Photos – Toni Wilkinson
This show promised much. It is not, as advertised by the Perth Festival, an Australian Premiere. In fact it has had a Sydney season in January.
As the audience was getting seated cast members were inveigling people down onto the stage and seating them in random barber’s chairs. A sound desk on stage pumped out the beats and cast members jumped and jived. The atmosphere was relaxed and anticipatory.
Barber shops, like ladies’ hairdressers, are traditionally seen as repositories of confidential and often controversial opinions. History, race, colour, bigotry, politics and sex – nothing is taboo in this sanctuary.
The set by Rae Smith was terrific, there were “aged” barber shop signs from London and various African nations suspended above the stage. Above a neon lit world globe slowly spun each time the barber shop destination changed. Barber’s chairs were whirled around the set to create new niche settings for each segment. The most common setting is a London barber shop, 3 Kings, whose owner Emanuel (Cyril Nyi) is accused by Samuel (Bayo Gbadamosi) the son of a former partner, of cheating Samuel’s father out of the partnership.
Puzzlingly the Sydney season was advertised as being 110 minutes whereas the Octagon Theatre production was 1 hour and 45 minutes. I felt there were so many issues addressed in this work that it becomes over-complicated as well as over long.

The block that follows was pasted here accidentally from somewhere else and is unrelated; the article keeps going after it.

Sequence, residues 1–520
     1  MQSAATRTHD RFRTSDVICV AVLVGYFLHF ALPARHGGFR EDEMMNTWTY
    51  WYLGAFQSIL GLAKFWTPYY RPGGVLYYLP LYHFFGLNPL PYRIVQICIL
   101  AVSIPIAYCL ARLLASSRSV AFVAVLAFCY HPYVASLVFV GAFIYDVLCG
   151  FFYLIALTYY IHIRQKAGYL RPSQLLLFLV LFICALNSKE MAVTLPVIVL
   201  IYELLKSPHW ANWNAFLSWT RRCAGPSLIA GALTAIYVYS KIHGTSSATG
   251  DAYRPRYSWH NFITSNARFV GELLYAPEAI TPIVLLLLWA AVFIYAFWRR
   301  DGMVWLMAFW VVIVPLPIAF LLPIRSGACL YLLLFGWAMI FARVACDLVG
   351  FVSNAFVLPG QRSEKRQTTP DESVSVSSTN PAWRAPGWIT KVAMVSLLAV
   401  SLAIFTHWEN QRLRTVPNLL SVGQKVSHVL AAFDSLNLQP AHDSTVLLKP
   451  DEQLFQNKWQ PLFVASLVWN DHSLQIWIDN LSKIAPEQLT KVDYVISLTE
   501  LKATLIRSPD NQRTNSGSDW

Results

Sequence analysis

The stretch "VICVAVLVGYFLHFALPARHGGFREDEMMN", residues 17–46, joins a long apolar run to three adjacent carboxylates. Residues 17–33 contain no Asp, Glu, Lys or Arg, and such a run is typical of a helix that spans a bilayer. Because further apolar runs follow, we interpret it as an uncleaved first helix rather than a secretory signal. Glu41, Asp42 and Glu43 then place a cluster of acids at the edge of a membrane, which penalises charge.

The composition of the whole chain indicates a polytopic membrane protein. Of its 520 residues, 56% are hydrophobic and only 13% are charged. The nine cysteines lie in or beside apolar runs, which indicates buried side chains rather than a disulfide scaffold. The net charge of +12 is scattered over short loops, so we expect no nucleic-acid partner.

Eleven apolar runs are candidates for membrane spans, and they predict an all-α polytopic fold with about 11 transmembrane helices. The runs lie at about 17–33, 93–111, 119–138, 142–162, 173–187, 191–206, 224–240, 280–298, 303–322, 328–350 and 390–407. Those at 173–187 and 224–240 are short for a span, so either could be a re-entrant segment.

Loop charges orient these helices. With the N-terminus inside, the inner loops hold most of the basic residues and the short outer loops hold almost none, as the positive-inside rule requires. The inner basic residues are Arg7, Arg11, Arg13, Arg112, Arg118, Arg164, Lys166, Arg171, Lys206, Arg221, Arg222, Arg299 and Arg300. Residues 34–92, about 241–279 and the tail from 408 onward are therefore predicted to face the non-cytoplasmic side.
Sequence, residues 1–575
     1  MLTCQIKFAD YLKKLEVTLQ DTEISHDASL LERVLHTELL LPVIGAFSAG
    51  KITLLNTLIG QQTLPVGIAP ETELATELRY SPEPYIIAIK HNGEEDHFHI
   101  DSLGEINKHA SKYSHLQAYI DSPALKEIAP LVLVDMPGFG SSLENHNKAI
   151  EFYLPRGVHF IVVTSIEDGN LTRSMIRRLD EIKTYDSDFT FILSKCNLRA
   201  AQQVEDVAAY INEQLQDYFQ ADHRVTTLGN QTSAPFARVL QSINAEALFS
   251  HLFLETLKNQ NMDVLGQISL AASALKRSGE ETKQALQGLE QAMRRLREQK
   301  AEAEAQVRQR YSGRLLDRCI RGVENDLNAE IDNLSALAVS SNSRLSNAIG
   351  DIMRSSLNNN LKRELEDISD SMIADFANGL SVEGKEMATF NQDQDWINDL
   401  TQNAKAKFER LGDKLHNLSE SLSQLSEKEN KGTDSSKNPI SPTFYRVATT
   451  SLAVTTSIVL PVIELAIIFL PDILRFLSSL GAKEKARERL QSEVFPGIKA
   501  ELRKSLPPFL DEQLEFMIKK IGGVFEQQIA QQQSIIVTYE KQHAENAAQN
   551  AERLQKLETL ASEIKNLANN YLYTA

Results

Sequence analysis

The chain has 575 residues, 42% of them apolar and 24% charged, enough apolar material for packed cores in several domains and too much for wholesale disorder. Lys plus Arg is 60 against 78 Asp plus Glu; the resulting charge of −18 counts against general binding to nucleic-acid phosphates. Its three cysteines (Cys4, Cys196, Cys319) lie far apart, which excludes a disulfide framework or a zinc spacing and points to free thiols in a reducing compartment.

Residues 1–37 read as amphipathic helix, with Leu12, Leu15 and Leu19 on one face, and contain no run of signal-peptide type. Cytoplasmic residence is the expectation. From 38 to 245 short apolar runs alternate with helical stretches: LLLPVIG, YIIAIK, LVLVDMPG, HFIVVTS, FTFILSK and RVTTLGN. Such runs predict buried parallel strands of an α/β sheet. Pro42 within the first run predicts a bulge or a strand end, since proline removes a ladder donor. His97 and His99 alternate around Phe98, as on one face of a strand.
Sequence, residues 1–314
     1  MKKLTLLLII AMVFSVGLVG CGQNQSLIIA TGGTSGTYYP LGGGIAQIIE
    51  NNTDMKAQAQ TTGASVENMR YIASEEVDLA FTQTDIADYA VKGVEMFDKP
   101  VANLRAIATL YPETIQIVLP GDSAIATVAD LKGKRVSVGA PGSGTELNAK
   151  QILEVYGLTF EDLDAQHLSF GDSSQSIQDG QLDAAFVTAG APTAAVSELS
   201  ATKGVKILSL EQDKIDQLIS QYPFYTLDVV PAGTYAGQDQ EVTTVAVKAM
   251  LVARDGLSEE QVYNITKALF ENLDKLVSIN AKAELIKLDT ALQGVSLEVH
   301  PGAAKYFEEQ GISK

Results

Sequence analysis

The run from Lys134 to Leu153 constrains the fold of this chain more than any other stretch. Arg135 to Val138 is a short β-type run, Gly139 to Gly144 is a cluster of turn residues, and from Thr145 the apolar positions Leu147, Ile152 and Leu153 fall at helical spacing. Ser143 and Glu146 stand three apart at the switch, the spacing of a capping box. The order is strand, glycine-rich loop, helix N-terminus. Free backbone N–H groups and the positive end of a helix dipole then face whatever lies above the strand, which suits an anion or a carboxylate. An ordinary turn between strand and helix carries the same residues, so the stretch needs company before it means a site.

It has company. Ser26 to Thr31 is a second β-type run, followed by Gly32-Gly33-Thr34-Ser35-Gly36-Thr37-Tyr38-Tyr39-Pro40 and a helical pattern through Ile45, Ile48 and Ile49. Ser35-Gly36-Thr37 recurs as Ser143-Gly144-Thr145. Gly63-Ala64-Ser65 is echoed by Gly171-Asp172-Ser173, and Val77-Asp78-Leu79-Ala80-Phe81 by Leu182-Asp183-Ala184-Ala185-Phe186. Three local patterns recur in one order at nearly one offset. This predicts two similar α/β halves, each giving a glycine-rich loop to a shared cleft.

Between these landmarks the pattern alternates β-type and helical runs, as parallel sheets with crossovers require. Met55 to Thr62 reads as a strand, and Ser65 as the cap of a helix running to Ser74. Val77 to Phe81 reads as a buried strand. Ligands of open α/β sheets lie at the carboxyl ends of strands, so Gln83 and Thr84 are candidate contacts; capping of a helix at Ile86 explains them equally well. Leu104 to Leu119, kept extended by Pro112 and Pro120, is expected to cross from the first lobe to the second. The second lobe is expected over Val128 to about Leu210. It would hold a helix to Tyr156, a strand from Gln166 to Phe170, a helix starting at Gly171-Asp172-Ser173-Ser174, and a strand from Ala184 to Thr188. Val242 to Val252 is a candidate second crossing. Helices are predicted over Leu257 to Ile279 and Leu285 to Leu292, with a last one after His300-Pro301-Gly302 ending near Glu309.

The play focuses on the feelings of Black African about being transferred to another land and culture, in this case Britain, first or second generation it seems to make little difference. Politics too enter the conversation. Robert Mugabe is discussed as a villain and a hero Arguments rage for and against Nelson Mandela and interestingly, there is admiration for Winnie Mandela.
There is implicit anger but it is tempered by pathos, humour and conviviality of the strong, engaging characters. However one can only admire the cast of 12 who work at extraordinary energy levels to deliver the rapid fire dialogue and physically taxing moves.
The most delightful aspect of the performance is the exuberant choreography and music between the barbershop settings.
A Fuel, National Theatre and West Yorkshire Playhouse co-production
Barber Shop Chronicles
by Inua Ellams
Director Bijan Sheibani
Venue: Octagon Theatre | UWA, 35 Stirling Hwy, Crawley WA
Dates: 2 – 18 Feb 2018
Tickets: $25 – $69